1 2 3 4 5 UNITED STATES DISTRICT COURT 6 DISTRICT OF NEVADA 7 *** 8 9 MY LEFT FOOT CHILDREN’S THERAPY, LLC; JOHN GOTTLIEB AND ANN MARIE GOTTLIEB, Case No. 2:15-cv-01746-MMD-VCF ORDER Plaintiffs, 10 v. 11 12 CERTAIN UNDERWRITER’S AT LLOYD’S LONDON SUBSCRIBING TO POLICY NO. HAH15-0632, 13 Defendant. 14 15 I. SUMMARY 16 This is an insurance dispute related to coverage for Plaintiffs’ defense in a qui tam 17 action. Before the Court is Defendant Certain Underwriters at Lloyd’s London Subscribing 18 to Policy No. HAH15-0632’s (“Underwriters” or “Defendant”) motion to dismiss (“Motion”) 19 (ECF No. 105). The Court has reviewed Plaintiffs My Left Foot Children’s Therapy, LLC 20 (“MLF”); Jon Gottlieb; and Ann Marie Gottlieb’s (collectively, “Plaintiffs”) response (ECF 21 No. 106) as well as Defendant’s reply (ECF No. 107).1 22 For the following reasons, the Court denies Defendant’s Motion except as to the 23 portion of Plaintiffs’ bad faith claim based on Defendant’s conduct prior to June 1, 2018, 24 which is dismissed.2 25 26 27 28 1The Court also has reviewed Plaintiffs’ motion for leave to file newly issued authority (ECF No. 118) and Defendant’s response (ECF No. 119). The Court denies Plaintiffs’ motion as moot because the Court is aware of this authority. Ninth Circuit Court of Appeals reversed this Court’s earlier judgment as explained infra and issued its mandate on June 1, 2018. (ECF No. 76.) 2The 1 2 3 II. BACKGROUND The following facts are taken from the First Amended Complaint (“FAC”) (ECF No. 100) unless otherwise indicated. 4 Plaintiffs Jon Gottlieb and Ann Marie Gottlieb own MLF, a business that provides 5 speech, physical, and occupational therapy services to children in the Las Vegas Valley. 6 (Id. at 2.) Plaintiffs purchased an insurance policy (“Policy”) from Defendant for the period 7 April 15, 2015, through April 15, 2016. (Id.) The Policy limits Defendant’s liability to $2 8 million per claim and $4 million in the aggregate and carries a $2,500 deductible. (Id.) An 9 endorsement (“Billing Errors Endorsement”) to the Policy indemnifies Plaintiffs up to 10 $25,000 for losses related to qui tam suits alleging that Plaintiffs submitted false claims to 11 government health benefit payers. (Id.) The Policy requires Defendant to defend Plaintiffs 12 in connection with any qui tam suit, with defense limits of up to $2 million per claim and $4 13 million in the aggregate. (Id.) 14 During the Policy period, Plaintiffs were named as defendants in a qui tam suit, 15 Welch v. My Left Foot Children’s Therapy, LLC, No. 2:14-cv-01786-MMD-GWF (“Qui Tam 16 Action”). (Id.) Plaintiffs timely notified Defendant about the Qui Tam Action, but Defendant 17 extended only $25,000 of coverage. (Id.) Plaintiffs filed this action (ECF No. 1), and this 18 Court eventually granted summary judgment in favor of Defendant, finding that the Billing 19 Errors Endorsement limited Defendant’s liability to $25,000 in connection with its duty to 20 defend Plaintiffs in the Qui Tam Action. (ECF No. 52 at 8.) Plaintiffs appealed, and the 21 Ninth Circuit reversed, finding that the Policy provided up to $2 million per claim to defend 22 the Qui Tam Action. (ECF No. 71 at 3-4.) 23 Plaintiffs then filed the FAC asserting the following claims: (1) breach of contract; 24 (2) violation of Unfair Claims Settlement Practices Act, NRS Ch. 686A; and (3) breach of 25 the implied covenant of good faith and fair dealing. (ECF No. 100 at 6-10.) Plaintiffs seek 26 to recover attorney’s fees related to the Qui Tam Action; attorney’s fees related to this 27 action; lost profits; damages related to mental suffering and emotional distress; and 28 punitive damages. (Id. at 10-11.) 2 1 III. LEGAL STANDARD 2 A court may dismiss a plaintiff’s complaint for “failure to state a claim upon which 3 relief can be granted.” Fed. R. Civ. P. 12(b)(6). A properly pled complaint must provide “a 4 short and plain statement of the claim showing that the pleader is entitled to relief.” Fed. 5 R. Civ. P. 8(a)(2); Bell Atl. Corp. v. Twombly, 550 U.S. 544, 555 (2007). While Rule 8 does 6 not require detailed factual allegations, it demands more than “labels and conclusions” or 7 a “formulaic recitation of the elements of a cause of action.” Ashcroft v. Iqbal, 556 U.S. 8 662, 678 (2009) (citing Papasan v. Allain, 478 U.S. 265, 286 (1986)). “Factual allegations 9 must be enough to rise above the speculative level.” Twombly, 550 U.S. at 555. Thus, to 10 survive a motion to dismiss, a complaint must contain sufficient factual matter to “state a 11 claim to relief that is plausible on its face.” Iqbal, 556 U.S. at 678 (internal citation omitted). 12 In Iqbal, the Supreme Court clarified the two-step approach district courts are to 13 apply when considering motions to dismiss. First, a district court must accept as true all 14 well-pled factual allegations in the complaint; however, legal conclusions are not entitled 15 to the assumption of truth. Iqbal, 556 U.S. at 679. Mere recitals of the elements of a cause 16 of action, supported only by conclusory statements, do not suffice. Id. at 678. Second, a 17 district court must consider whether the factual allegations in the complaint allege a 18 plausible claim for relief. Id. at 679. A claim is facially plausible when the plaintiff’s 19 complaint alleges facts that allow a court to draw a reasonable inference that the 20 defendant is liable for the alleged misconduct. Id. at 678. Where the complaint does not 21 permit the court to infer more than the mere possibility of misconduct, the complaint has 22 alleged—but not shown—that the pleader is entitled to relief. Id. at 679. When the claims 23 in a complaint have not crossed the line from conceivable to plausible, the complaint must 24 be dismissed. Twombly, 550 U.S. at 570. 25 A complaint must contain either direct or inferential allegations concerning “all the 26 material elements necessary to sustain recovery under some viable legal theory.” 27 Twombly, 550 U.S. at 562 (quoting Car Carriers, Inc. v. Ford Motor Co., 745 F.2d 1101, 28 1106 (7th Cir. 1989)). 3 1 IV. DISCUSSION 2 Defendant moves to dismiss each of Plaintiffs’ claims as well as certain of the 3 remedies Plaintiffs seek. (See generally ECF No. 105.) The Court addresses Plaintiffs’ 4 claims before turning to the remedies. 5 A. Breach of Contract Claim 6 Plaintiffs allege that Defendant breached the Policy by failing to defend Plaintiffs in 7 the Qui Tam Action and by failing to indemnify Plaintiffs for the fees and costs they incurred 8 in connection with the Qui Tam Action. (ECF No. 100 at 6.) Defendant argues that Plaintiffs 9 cannot state a claim for breach of contract when Defendant limited coverage for the Qui 10 Tam Action in good faith based on a reasonable interpretation of the Policy. (See ECF No. 11 105 at 13.) Defendant also argues that Plaintiffs have not stated a claim based on 12 Defendant’s post-mandate conduct.3 (ECF No. 107 at 10.) The Court finds that Plaintiffs 13 have adequately stated a breach of contract claim. 14 “In Nevada, insurance policies [are] treated like other contracts, and thus, legal 15 principles applicable to contracts generally are applicable to insurance policies.” Century 16 Sur. Co. v. Andrew, 432 P.3d 180, 183 (Nev. 2018). A plaintiff asserting a breach of 17 contract claim under Nevada law must allege the following elements: (1) the formation of 18 a valid contract; (2) performance or excuse of performance by the plaintiff; (3) material 19 breach by the defendant; and (4) damages. See Bernard v. Rockhill Dev. Co., 734 P.2d 20 1238, 1240 (Nev. 1987). 21 The Court finds that Plaintiffs have stated a claim for breach of contract based on 22 Defendant’s failures to defend Plaintiffs in the Qui Tam Action and to extend $2 million of 23 coverage. Plaintiffs’ allegations show that Defendant owed a duty to defend and failed to 24 /// 25 26 27 28 3Defendant notes that the Billing Errors Endorsement does not itself establish a duty to defend but does not dispute that the Policy as a whole—as opposed to the Billing Errors Endorsement specifically—imposes a duty to defend. (See ECF No. 105 at 13 n.4; ECF No. 107 at 10; see also ECF No. 1 at 19 (“The Underwriters shall have the right and duty to defend, subject to the Limit of Liability, any Claim or Suit against the Insured arising out of a Professional Liability Act or General Liability Act to which this policy applies, even if any of the allegations of the Claim are groundless, false or fraudulent.”).) 4 1 do so. (ECF No. 100 at 6.) Plaintiffs’ allegations also show that Defendant was obligated 2 to provide up to $2 million of coverage but failed to reimburse Plaintiffs for the fees they 3 incurred. (Id.) The Court agrees with Plaintiffs that it is irrelevant whether Defendant’s 4 failures were based on a reasonable interpretation of the Policy taken in good faith. 5 Andrew v. Century Sur. Co., 134 F. Supp. 3d 1249, 1259 (D. Nev. 2015) (“Nevada law 6 allows for recovery of all reasonably foreseeable consequential damages for a breach of 7 contract, regardless of the good or bad faith of the breaching party.”); see also Century 8 Sur. Co., 432 P.3d at 183 (noting without objection that the court in Andrew, 134 F. Supp. 9 3d 1249, found both breach of contract and an absence of bad faith). Defendant’s 10 argument regarding its post-mandate conduct is irrelevant—Plaintiff’s claim is not 11 premised on that conduct. Accordingly, the Court denies Defendant’s motion to dismiss as to Plaintiff’s breach 12 13 of contract claim. 14 B. 15 Plaintiffs allege that Defendant violated at least two provisions of Nevada’s Unfair 16 Claims Settlement Practices Act—NRS § 686A.310(1)(e) (“Subsection (e)”) and NRS § 17 686A.310(1)(f) (“Subsection (f)”). (ECF No. 100 at 7-8.) Subsection (e) makes it an unfair 18 practice for insurers to drag their feet in settling claims. See NRS § 686A.310(1)(e) 19 (defining an unfair practice as “[f]ailing to effectuate prompt, fair and equitable settlements 20 of claims in which liability of the insurer has become reasonably clear”). Subsection (f) 21 makes it an unfair practice for insurers to compel insureds to litigate in order to recover 22 the same amount they would have recovered if the insurer simply settled their claims. See 23 NRS § 686A.310(1)(f) (defining unfair practice as “[c]ompelling insureds to institute 24 litigation to recover amounts due under an insurance policy by offering substantially less 25 than the amounts ultimately recovered in actions brought by such insureds, when the 26 insureds have made claims for amounts reasonably similar to the amounts ultimately 27 recovered”). 28 /// Claim for Violations of NRS § 686A.310 5 1 Defendant first argues that Plaintiffs have failed to state a claim under NRS § 2 686A.310 because Defendant’s coverage position was reasonable. (ECF No. 105 at 15.) 3 Plaintiffs respond that Subsections (e) and (f) apply regardless of whether the insurer acts 4 in good faith. (ECF No. 106 at 16.) The Court agrees with Plaintiffs. While the 5 reasonableness of Defendant’s coverage position may constitute a defense to Plaintiffs’ 6 claim, it is not a basis for dismissal. In addition, Defendant cites no authority to support its 7 contention that Plaintiffs cannot state a claim under NRS § 686A.310 simply because 8 Defendant’s coverage position was reasonable. (See ECF No. 105 at 15; ECF No. 107 at 9 10-11.) Defendant also argues that Plaintiffs’ claims under NRS § 686A.310 are premature 10 to the extent they are based on Defendant’s failure to settle in the time since the Ninth 11 Circuit issued its mandate. (See ECF No. 107 at 10-11 (arguing that Defendant should 12 have a reasonable period of time to review MLF’s defense invoices).) Again, Defendant’s 13 potential defense to Plaintiffs’ claim is not a basis for dismissal. Accordingly, the Court 14 rejects Defendant’s first argument. 15 Defendant next argues that Plaintiffs have failed to state a claim because the FAC 16 does not allege that an officer, director, or department head of the insurer knowingly 17 permitted the unfair practice. (ECF No. 105 at 15.) Plaintiffs counter that the allegations 18 permit such an inference. (ECF No. 106 at 16.) The Court agrees with Plaintiffs—the 19 allegations that Defendant committed unfair claims practices “give[s] rise to the inference 20 that [Defendant’s] higher-ups committed these practices or directed lower-level employees 21 to commit these practices.” Sanders v. Church Mut. Ins. Co., No. 2:12-CV-01392-LRH, 22 2013 WL 663022, at *3 (D. Nev. Feb. 21, 2013). Defendant argues that the decision in 23 Sanders “contradict[s] the basic legal standard for a motion to dismiss,” (ECF No. 107 at 24 11), but the Court disagrees. Inferential allegations may support a claim. See Twombly, 25 550 U.S. at 562. Accordingly, the Court rejects Defendant’s second argument. 26 Defendant further argues that Plaintiffs have failed to state a claim for violation of 27 Subsection (e) because liability did not become reasonably clear until the Ninth Circuit 28 issued its mandate. (ECF No. 105 at 15.) Plaintiffs argue they have sufficiently alleged 6 1 that liability was clear when Defendant initially denied coverage, and that Defendant has 2 continued to violate Subsection (e) since June 2018. (ECF No. 106 at 17.) The Court 3 agrees with Plaintiffs—they have alleged that liability was reasonably clear at the time of 4 the initial denial and also when liability became clear during the appeal. (See ECF No. 100 5 at 7 (“[D]espite the fact that the liability of Defendant in this case was clear . . . it refused 6 to negotiate in good faith with Plaintiffs to resolve the claim in a way that was prompt and 7 equitable.”).) Accordingly, the Court rejects Defendant’s third argument. 8 Defendant argues that the claim under Subsection (f) is premature because 9 litigation is ongoing and MLF has not “ultimately recovered” under the Policy. (ECF No. 10 105 at 15.) Plaintiffs argue that the claim is not premature because Plaintiffs have already 11 recovered more than $600,000 and expect to additionally recover over $1.7 million soon. 12 (ECF No. 106 at 15.) Plaintiffs contend that these amounts are substantially more than the 13 amount offered by Defendant at the outset of this litigation—$25,000. (Id.) The Court 14 agrees with Plaintiffs and finds that Plaintiffs have stated a claim under Subsection (f). 15 Defendant cites two cases in support of its position, but the plaintiffs in both cases had not 16 recovered any amounts under their respective policies. See Amini v. CSAA Gen. Ins. Co., 17 No. 2:15-CV-0402-JAD-GWF, 2016 WL 6573949, at *6 (D. Nev. Nov. 4, 2016) (“But Amini 18 has not ‘ultimately recovered’ any amount due under the policy, let alone an amount 19 substantially more than the $110,000 offer he rejected . . . .”); Heinaman v. Fid. & Guar. 20 Life Ins. Co., No. 2:14-cv-01884-RFB-GWF, 2016 WL 1367743, at *7 (D. Nev. Apr. 5, 21 2016) (“Plaintiff has yet to receive payment from Defendant.”). Here, Plaintiffs have 22 already recovered significantly more than the amount offered by Defendant at the 23 beginning of the litigation. Accordingly, the Court rejects Defendant’s fourth argument. 24 Defendant also argues that Subsection (f) does not give rise to an independent 25 cause of action because it amounts to a fee-shifting provision. (ECF No. 105 at 16.) 26 Defendant relies on Schmall v. Gov’t Emps. Ins. Co., in which the court noted that “a claim 27 that a plaintiff has been made to institute litigation under subsection (1)(f) appears to be a 28 fee-shifting provision depending on the success of other underlying claims and is better 7 1 characterized as a remedy.” 240 F. Supp. 3d 1093, 1098 (D. Nev. 2016). Defendant also 2 relies on Engel v. Hartford Ins. Co. of the Midwest, in which the same judge found 3 Subsection (f) “somewhat confusing” and a claim under that provision “redundant with the 4 other claims.” No. 2:11-CV-01103-RCJ-PAL, 2011 WL 6131566, at *3 (D. Nev. Dec. 7, 5 2011). Plaintiffs note that the court in Schmall preserved the remedy contained in 6 Subsection (f) even though the claim was dismissed to the extent it was stated as an 7 independent cause of action. (ECF No. 106 at 18.) The Court finds that Plaintiffs have 8 stated a claim under Subsection (f) by alleging that Defendant lowballed their claim, forcing 9 them to institute litigation to recover their defense costs, and by alleging that they have 10 already recovered far more than Defendant initially offered. (See ECF No. 100 at 7.) The 11 Court sees no reason to dismiss this claim simply because it might amount to a fee-shifting 12 provision in practical terms. Accordingly, the Court rejects Defendant’s fifth argument. 13 14 The Court thus denies Defendant’s motion to dismiss Plaintiffs’ claims under NRS § 686A.310. 15 C. Bad Faith Claim 16 Defendant argues that Plaintiffs’ bad faith claim must be dismissed because 17 Plaintiffs have not sufficiently alleged that Defendant’s conduct was deliberate and 18 unreasonable. (ECF No. 105 at 10.) Plaintiffs point out that the following allegations show 19 Defendant acted deliberately and unreasonably: (1) Defendant construed the Policy in the 20 narrowest and most hyper-technical way possible even though liability was reasonably 21 clear; (2) Defendant deliberately disregarded well-established principles of insurance 22 policy interpretation; (3) Defendant gave no consideration to Plaintiffs’ interests; (4) 23 Defendant denied all coverage even after previously extending $25,000 of coverage; and 24 (5) Defendant failed to reconsider its coverage position in light of new evidence and made 25 no settlement offers to resolve the matter. (ECF No. 106 at 18.) 26 To show bad faith, a plaintiff must establish that the insurer “act[ed] unreasonably 27 and with knowledge that there [was] no reasonable basis for its conduct.” Sierzega v. 28 Country Preferred Ins. Co., 650 F. App’x 388, 389 (9th Cir. 2016) (alterations in original) 8 1 (quoting Guar. Nat’l Ins. v. Potter, 912 P.2d 267, 272 (Nev. 1996)). “Tactics such as an 2 unreasonable failure to investigate and unreasonable delay can give rise to an inference 3 of bad faith.” Id. (first citing Farmers Home Mut. Ins. v. Fiscus, 725 P.2d 234, 235-36 (Nev. 4 1986); then citing Potter, 912 P.2d at 272). 5 This Court already held that Defendant’s coverage position was at least reasonable 6 (see ECF No. 52 at 7-8), and the Ninth Circuit’s memorandum opinion did not reverse on 7 this point (see ECF No. 71 at 2-4). Rather, the Ninth Circuit found the Policy provisions 8 ambiguous and found that this Court erred by effectively resolving the ambiguity in favor 9 of Defendant. (Id. at 3-4.) Given that Defendant had a reasonable basis for its coverage 10 position, the Court will dismiss Plaintiffs’ claim to the extent it is based on Defendant’s 11 failure to defend or provide coverage in the time before the Ninth Circuit issued its mandate 12 in this case. 13 Plaintiffs argue that the Court should not consider its earlier erroneous opinion in 14 determining whether Defendant’s coverage position was reasonable, relying on non- 15 binding authority. (ECF No. 106 at 20 (citing Filippo Indus., Inc. v. Sun Ins. Co. of N.Y., 88 16 Cal. Rptr. 2d 881 (Cal. Ct. App. 1999), as modified (Oct. 20, 1999)). In Filippo, the court 17 found that “the reasonableness of the insurer’s decision must be evaluated as of the time 18 it was made, and that no subsequent court ruling can be the justification for the decision.” 19 Id. at 888-89. But Defendant correctly notes that the court came to a different conclusion 20 in Morris v. Paul Revere Life Ins. Co., 135 Cal. Rptr. 2d 718 (Cal. Ct. App. 2003). In Morris, 21 the court found that “the fact that a court had interpreted that law in the same manner as 22 did the insurer, whether before or after, is certainly probative of the reasonableness, if not 23 necessarily the ultimate correctness, of its position.” Id. at 726. This Court finds that its 24 prior decision as well as the Ninth Circuit’s memorandum opinion necessarily imply that 25 Defendant’s coverage position was reasonable. None of Plaintiff’s allegations would 26 permit a reasonable juror to conclude otherwise. 27 Nevertheless, Plaintiffs also argue that Defendant has acted in bad faith in the time 28 since the Ninth Circuit issued its mandate. (ECF No. 106 at 18-19.) Defendant details the 9 1 communications between the parties during the summer of 2018 in an effort to show that 2 an alternative explanation for its delay in providing payments exists. (See id.) But 3 accepting Plaintiff’s allegations as true, a reasonable juror could infer bad faith on the part 4 of Defendant from the mere delay in payment. See Sierzega, 650 F. App’x at 389. While 5 Defendant’s factual allegations give rise to an alternative explanation for its delay, this is 6 not a basis for dismissal of Plaintiffs’ claim. 7 Accordingly, the Court denies Defendant’s Motion except as to the portion of 8 Plaintiffs’ bad faith claim based on Defendant’s conduct prior to June 1, 2018. The 9 remainder of Plaintiffs’ bad faith claim—based on Defendant’s conduct after the Ninth 10 Circuit issued its mandate—will proceed. 11 D. Punitive Damages 12 Defendant argues that Plaintiffs’ request for punitive damages must be dismissed 13 because Nevada law only allows for the award of punitive damages in tort actions—not 14 actions based on breach of contract, including Plaintiffs’ claims for violation of NRS § 15 686A.310. (ECF No. 105 at 16.) Plaintiffs concede they are not entitled to punitive 16 damages based on their contract claim but argue that they are entitled to punitive damages 17 on their claims for bad faith and violations of NRS § 686A.310. (ECF No. 106 at 26.) The 18 Court agrees with Plaintiffs at least as to the availability of punitive damages on their bad 19 faith claim. See Potter, 912 P.2d at 273 (affirming award of punitive damages on bad faith 20 claim). The Court need not consider whether punitive damages are available with respect 21 to Plaintiffs’ claims under NRS § 686A.310 at this time. Accordingly, the Court rejects 22 Defendant’s argument for dismissing Plaintiffs’ request for punitive damages. 23 E. Breach of Contract Damages 24 Defendant argues that Plaintiffs’ requests for attorneys’ fees, lost profits, and 25 damages related to emotional stress and suffering must be dismissed because they are 26 not recoverable in a breach of contract action—none of these categories of damages are 27 reasonably foreseeable or reasonably contemplated by the parties. (ECF No. 105 at 17.) 28 The Court rejects this argument—at least as to Plaintiffs’ requests for attorneys’ fees and 10 1 lost profits—based on the Nevada Supreme Court’s recent decision in Century Surety 2 Company, in which the court found “that an insurer’s liability where it breaches its 3 contractual duty to defend” encompasses “any consequential damages caused by its 4 breach” and may exceed “the policy limits plus the insured’s defense costs.” 432 P.3d at 5 182. The Court also rejects Defendant’s argument for the additional reasons detailed 6 below for each category of damages. 7 1. Attorneys’ Fees 8 Under Nevada law, “[a] party can claim attorney fees as foreseeable damages 9 arising from a breach of contract and such fees are considered special damages.” Tracey 10 v. Am. Family Mut. Ins. Co., No. 2:09-cv-01257-GMN-PAL, 2010 WL 5477751, at *5 (D. 11 Nev. Dec. 30, 2010). “They must be pleaded as special damages in the complaint . . . and 12 proved by competent evidence just as any other element of damages.” Sandy Valley 13 Assocs. v. Sky Ranch Estates Owners Ass’n, 35 P.3d 964, 969 (Nev. 2001); see also Del 14 Webb Communities, Inc. v. Partington, No. 2:08-cv-00571-RCJ-GWF, 2009 WL 3053709, 15 at *20 (D. Nev. Sept. 18, 2009) (quoting Shuette v. Beazer Homes Holdings Corp., 124 16 P.3d 530, 548 (Nev. 2005)) (noting that “the damages award rule articulated 17 in Sandy Valley Associates is a ‘narrow special damages exception’ and that claimants to 18 that exception ‘generally have the arduous task of proving [attorneys’ fees] were a natural 19 and proximate consequence of the injurious conduct’”). Plaintiffs have pleaded that they 20 are entitled to attorneys’ fees as special damages in the FAC. (See ECF No. 100 at 6 21 (“Plaintiffs specially plead that they are entitled to collect attorneys’ fees as special or 22 consequential damages incurred by Plaintiffs were a natural and proximate consequence 23 of Defendant’s breach of the Policy.”).) Accordingly, the Court finds that attorneys’ fees 24 are recoverable on Plaintiffs’ breach of contract claim. 25 2. Lost Profits 26 Plaintiffs argue that they can recover lost profits on their breach of contract claim 27 based on the Nevada Supreme Court’s decision in Hornwood v. Smith’s Food King No. 1, 28 772 P.2d 1284 (Nev. 1989). (ECF No. 106 at 24.) Defendant counters that Hornwood is 11 1 distinguishable because it involved a lease contract rather than an insurance contract. 2 (ECF No. 107 at 14-15.) This difference is immaterial. See Century Sur. Co., 432 P.3d at 3 183 (“In Nevada, insurance policies [are] treated like other contracts, and thus, legal 4 principles applicable to contracts generally are applicable to insurance policies.”). 5 Defendant also argues that lost profits are not foreseeable based on a non-binding 6 decision, Cal. Shoppers, Inc. v. Royal Globe Ins. Co., 221 Cal. Rptr. 171 (Cal. Ct. App. 7 1985). (See ECF No. 107 at 15.) But the court in California Shoppers found that the plaintiff 8 “offered no probative data . . . as to how its profits would have been generated.” 221 Cal. 9 Rptr. at 205. Plaintiffs may be able to offer such data here. At the motion to dismiss stage, 10 Plaintiffs have adequately alleged that their lost profits were the natural and foreseeable 11 consequence of Defendant’s breach. (See ECF No. 100 at 10-11 (“As a result of 12 Defendant’s refusal to provide a defense of up to $2 million, Plaintiffs were required to 13 expend money on their own defense in the [Qui Tam] Action and therefore could not carry 14 out their plan to expand operations.”).) Accordingly, the Court finds that lost profits are 15 recoverable on Plaintiffs’ breach of contract claim. 3. 16 Emotional Distress Damages 17 Emotional damages are not recoverable on Plaintiffs’ breach of contract claim. See 18 Morgan v. Ocwen Loan Servicing, LLC, No. 2:16-cv-02536-APG-PAL, 2018 WL 1796292, 19 at *5 (D. Nev. Apr. 16, 2018) (“Damages for mental suffering and emotional distress are 20 ordinarily not recoverable in an action for breach of contract unless the breach also caused 21 bodily harm or where the express object of the contract is the mental and emotional well- 22 being of one of the contracting parties.”). But Plaintiffs argue that they can recover 23 emotional distress damages at least on their claims for bad faith and violations of NRS § 24 686A.310. (ECF No. 106 at 25.) Defendant does not dispute this point. (See ECF No. 107 25 at 15 (only arguing that emotional stress and suffering damages cannot be award on a 26 claim for breach of contract).) Accordingly, the Court will reject Defendant’s argument for 27 dismissing Plaintiffs’ request for emotional distress damages. 28 /// 12 1 F. 2 Defendant also argues that Plaintiffs’ request for attorneys’ fees on its claims for 3 violations of NRS § 686A.310 must be dismissed. (ECF No. 105 at 17-18.) The Court 4 disagrees. NRS § 686A.310(2) expressly provides that “an insurer is liable to its insured 5 for any damages sustained by the insured as a result of the commission of any” unfair 6 practice, and Defendant argued in its own brief that Subsection (f) should be construed as 7 a fee-shifting provision. (See ECF No. 105 at 16.) Accordingly, the Court rejects 8 Defendant’s argument for dismissing Plaintiffs’ request for attorneys’ fees in connection 9 with its claims under NRS § 686A.310. 10 V. Attorneys’ Fees Under NRS § 686A.310 CONCLUSION 11 The Court notes that the parties made several arguments and cited to several cases 12 not discussed above. The Court has reviewed these arguments and cases and determines 13 that they do not warrant discussion as they do not affect the outcome of the motions before 14 the Court. 15 It is therefore ordered that Defendant’s motion to dismiss (ECF No. 105) is granted 16 in part and denied in part. The Court denies Defendant’s Motion except as to the portion 17 of Plaintiffs’ bad faith claim based on Defendant’s conduct prior to June 1, 2018. This 18 portion of Plaintiffs’ bad faith claim is dismissed. 19 20 21 It is further ordered that Plaintiffs’ motion for leave to file supplemental authority (ECF No. 118) is denied as moot. DATED THIS 23rd day of April 2019. 22 MIRANDA M. DU UNITED STATES DISTRICT JUDGE 23 24 25 26 27 28 13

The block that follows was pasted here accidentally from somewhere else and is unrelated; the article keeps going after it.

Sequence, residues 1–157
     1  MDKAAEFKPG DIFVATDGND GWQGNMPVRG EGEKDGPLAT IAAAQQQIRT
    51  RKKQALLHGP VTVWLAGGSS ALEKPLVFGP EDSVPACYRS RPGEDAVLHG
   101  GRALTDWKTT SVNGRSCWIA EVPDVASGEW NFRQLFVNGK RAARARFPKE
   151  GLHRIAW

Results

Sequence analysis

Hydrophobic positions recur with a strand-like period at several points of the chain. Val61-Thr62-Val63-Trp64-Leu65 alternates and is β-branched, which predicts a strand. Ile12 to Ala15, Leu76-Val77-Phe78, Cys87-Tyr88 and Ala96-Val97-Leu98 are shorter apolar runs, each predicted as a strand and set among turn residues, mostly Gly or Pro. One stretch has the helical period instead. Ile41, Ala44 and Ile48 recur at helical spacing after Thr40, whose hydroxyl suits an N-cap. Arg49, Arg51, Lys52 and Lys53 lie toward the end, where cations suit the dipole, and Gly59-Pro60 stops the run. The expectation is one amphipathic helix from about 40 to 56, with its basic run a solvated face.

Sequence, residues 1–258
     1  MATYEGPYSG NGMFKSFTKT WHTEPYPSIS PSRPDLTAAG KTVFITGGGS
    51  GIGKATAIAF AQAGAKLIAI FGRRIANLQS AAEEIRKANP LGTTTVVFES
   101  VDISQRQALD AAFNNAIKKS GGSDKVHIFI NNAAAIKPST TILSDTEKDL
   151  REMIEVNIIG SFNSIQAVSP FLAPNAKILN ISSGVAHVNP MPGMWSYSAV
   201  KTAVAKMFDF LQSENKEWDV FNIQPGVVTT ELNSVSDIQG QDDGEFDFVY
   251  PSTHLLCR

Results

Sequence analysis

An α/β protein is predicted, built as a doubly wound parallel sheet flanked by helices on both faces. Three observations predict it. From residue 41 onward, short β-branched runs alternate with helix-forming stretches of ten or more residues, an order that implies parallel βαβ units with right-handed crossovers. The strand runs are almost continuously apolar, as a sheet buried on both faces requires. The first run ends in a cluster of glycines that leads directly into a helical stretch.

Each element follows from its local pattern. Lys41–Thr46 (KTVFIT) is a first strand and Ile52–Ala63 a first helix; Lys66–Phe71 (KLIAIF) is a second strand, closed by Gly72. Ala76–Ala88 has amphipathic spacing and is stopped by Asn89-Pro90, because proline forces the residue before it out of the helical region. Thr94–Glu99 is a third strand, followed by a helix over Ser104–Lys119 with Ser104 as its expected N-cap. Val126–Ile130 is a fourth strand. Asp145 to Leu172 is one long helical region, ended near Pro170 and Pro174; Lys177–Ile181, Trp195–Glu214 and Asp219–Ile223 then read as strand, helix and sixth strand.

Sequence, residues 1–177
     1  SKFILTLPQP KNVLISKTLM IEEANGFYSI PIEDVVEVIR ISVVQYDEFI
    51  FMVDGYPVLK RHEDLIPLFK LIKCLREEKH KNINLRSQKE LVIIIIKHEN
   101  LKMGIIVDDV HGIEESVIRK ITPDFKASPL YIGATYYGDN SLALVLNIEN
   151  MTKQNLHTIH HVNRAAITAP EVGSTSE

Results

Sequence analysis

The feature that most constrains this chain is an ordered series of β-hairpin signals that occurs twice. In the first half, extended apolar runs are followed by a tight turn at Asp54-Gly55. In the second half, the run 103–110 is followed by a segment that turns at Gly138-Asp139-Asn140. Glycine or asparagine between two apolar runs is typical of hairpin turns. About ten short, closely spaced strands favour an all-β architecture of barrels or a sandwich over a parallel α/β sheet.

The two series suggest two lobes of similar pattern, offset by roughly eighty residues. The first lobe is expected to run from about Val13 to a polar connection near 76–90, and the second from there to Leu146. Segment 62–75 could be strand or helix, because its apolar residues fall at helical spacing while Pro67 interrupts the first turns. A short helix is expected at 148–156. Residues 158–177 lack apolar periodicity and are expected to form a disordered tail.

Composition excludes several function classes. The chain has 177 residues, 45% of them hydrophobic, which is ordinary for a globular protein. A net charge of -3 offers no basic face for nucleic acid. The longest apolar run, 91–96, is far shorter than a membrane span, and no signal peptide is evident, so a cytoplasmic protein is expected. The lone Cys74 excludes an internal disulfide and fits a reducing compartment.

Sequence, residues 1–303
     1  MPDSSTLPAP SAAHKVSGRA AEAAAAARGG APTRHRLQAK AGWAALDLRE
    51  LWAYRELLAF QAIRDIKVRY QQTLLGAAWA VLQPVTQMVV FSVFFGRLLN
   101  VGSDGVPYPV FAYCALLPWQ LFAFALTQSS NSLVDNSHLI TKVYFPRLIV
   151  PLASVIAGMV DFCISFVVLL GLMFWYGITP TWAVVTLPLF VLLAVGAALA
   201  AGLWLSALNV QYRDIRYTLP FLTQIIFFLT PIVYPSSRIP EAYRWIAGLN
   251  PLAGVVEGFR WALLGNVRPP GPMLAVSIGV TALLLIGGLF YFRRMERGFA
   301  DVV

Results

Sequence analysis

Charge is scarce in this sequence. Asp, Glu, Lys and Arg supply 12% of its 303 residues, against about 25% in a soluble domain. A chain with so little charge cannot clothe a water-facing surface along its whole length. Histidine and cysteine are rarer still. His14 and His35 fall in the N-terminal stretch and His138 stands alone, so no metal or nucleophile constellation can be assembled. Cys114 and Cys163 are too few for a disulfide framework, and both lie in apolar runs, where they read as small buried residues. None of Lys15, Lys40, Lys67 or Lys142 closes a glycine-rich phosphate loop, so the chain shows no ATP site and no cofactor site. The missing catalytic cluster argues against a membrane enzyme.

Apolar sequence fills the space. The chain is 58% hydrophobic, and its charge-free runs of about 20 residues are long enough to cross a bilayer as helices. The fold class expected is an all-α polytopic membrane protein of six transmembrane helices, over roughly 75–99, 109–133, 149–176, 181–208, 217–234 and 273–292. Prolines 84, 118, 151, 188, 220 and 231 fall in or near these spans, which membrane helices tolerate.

Disclaimer: Justia Dockets & Filings provides public litigation records from the federal appellate and district courts. These filings and docket sheets should not be considered findings of fact or liability, nor do they necessarily reflect the view of Justia.

Why Is My Information Online?